Teenager shot by police at Reno high school: Lessons to learn

I just got sent this link to a video of a teenager shot by the police at a Reno high school:

You can view another angle here.
What seems to be known so far.
The predictable response here.

What is likely to happen now:

  • There will be the usual outcry along the lines of “Why did he shoot him, the kid only had a knife?” from those with no understanding of the dynamics involved in such an encounter.
  • Then there will be some more outrage as the journalists, pundits and professional rabble-rousers do their thing.
  • In the end, nothing will change and it’ll be waiting for the next incident.

In the mean time, I suggest focusing on the lessons we can learn from this. There are several things to take away form this video:

  • Disarming somebody with a knife without hurting him is not easy, nor is there a guaranteed technique you can use to pull it off. What’s more, a knife represents lethal force. Such a threat is typically responded to with lethal force, such as a firearm. Why? Because when you don’t and things go wrong, they can go wrong in catastrophic fashion (fast forward to 7min15 for the attack):

  • If the officer didn’t stop the kid and went down himself like the officers in the previous video did, the kid could have slaughtered several of students who were standing there. It’s the officer’s duty to avoid that, along with not dying himself. So if you brandish a knife and threaten others with it, act erratic and refuse to drop it when ordered, you should expect a definite response from law enforcement.
  • For those who don’t understand this, here are some realities about violence, about knife vs. gun and also this article. As an overall strategy, when faced with a knife and you have the option: run. Run for your life. Which brings us to the next point.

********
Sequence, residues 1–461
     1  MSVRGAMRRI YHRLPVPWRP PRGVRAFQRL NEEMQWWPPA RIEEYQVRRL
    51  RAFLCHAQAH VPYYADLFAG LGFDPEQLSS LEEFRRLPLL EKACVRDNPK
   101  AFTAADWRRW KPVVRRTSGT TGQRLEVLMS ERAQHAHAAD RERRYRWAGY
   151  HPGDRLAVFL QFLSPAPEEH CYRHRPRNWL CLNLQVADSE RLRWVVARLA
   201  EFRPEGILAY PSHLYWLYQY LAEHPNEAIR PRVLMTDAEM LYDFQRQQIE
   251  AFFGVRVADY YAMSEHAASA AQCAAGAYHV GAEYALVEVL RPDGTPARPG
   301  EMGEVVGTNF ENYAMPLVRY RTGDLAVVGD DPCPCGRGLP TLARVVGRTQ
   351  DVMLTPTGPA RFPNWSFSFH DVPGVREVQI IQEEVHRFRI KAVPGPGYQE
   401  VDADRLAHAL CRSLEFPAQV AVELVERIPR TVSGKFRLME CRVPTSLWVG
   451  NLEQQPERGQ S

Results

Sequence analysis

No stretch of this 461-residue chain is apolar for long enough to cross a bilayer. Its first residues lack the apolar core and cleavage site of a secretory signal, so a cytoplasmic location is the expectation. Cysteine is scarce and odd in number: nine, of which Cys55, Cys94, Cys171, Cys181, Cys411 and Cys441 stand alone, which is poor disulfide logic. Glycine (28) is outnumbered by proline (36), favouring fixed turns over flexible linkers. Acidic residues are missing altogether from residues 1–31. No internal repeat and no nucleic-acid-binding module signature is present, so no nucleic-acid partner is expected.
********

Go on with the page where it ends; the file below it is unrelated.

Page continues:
• Look at the other students. They refuse to leave and even come closer as soon as the kid is no longer looking right at them or moving in their direction. There is no way to emphasize enough how monumentally stupid this is… If you have kids, teach them to flee when an event like this happens. I teach this to my children and repeat the lesson regularly: being an innocent bystander doesn’t make you safe. On the contrary, you can become a victim in an instant or become collateral damage when law enforcement takes action. Here’s an article with many examples. Here’s a video that shows exactly how fast bystanders can become victims, even when they think the fight is over…
Teenager shot by police at Reno high school - Lessons to learn

Teenager threatening with a knife in Reno high school

Early reports claim the kid was bullied and lashed out like this to protect himself. I have no idea if this is true, the investigation is ongoing and should reveal more. If true, is this enough to give him a pass on pulling a knife like that? That discussion is beyond the point of this article. The point is to learn from this incident and avoid becoming a victim.

Good luck and stay safe.

How to block a knife attack

As you know, I’m working on a book on self-defense against the knife. By the way, I’m still looking for people who want to share their story about that (anonymous if they prefer.)

What often comes up in my research is that people fall victim to some misconceptions and myths about the techniques you can use when somebody tries to stab you with a blade. One of these is that you should try to “block the knife attack”. I’m not claiming it’s impossible because I know people who’ve done just that but I am going to say that there are good and bad ways of going about it. Not to put a fine point (hahaha) on it, do you want to know how to block a knife attack? Not like this guy did..

how to block a knife attack

How to block a knife attack? Not like this...

 

The irony of this picture is of course the tattoo on his chest. Seems like somebody wanted to test that theory…

Back on track.

There are numerous ways of defending against a knife attack and they all have their value. Some are better than others. Some are worthless in my opinion. And then there’s everything in between. That said, however “bad” you may judge a technique to be, there is only one factor that determines its worth in the end: did it work or not? [Read more…]